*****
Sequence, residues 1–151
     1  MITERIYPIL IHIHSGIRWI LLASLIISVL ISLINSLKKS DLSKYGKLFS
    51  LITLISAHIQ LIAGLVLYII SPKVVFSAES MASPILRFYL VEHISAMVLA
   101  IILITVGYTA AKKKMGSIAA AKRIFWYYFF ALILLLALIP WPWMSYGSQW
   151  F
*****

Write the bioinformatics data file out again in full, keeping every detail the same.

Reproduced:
Sequence, residues 1–151
     1  MITERIYPIL IHIHSGIRWI LLASLIISVL ISLINSLKKS DLSKYGKLFS
    51  LITLISAHIQ LIAGLVLYII SPKVVFSAES MASPILRFYL VEHISAMVLA
   101  IILITVGYTA AKKKMGSIAA AKRIFWYYFF ALILLLALIP WPWMSYGSQW
   151  F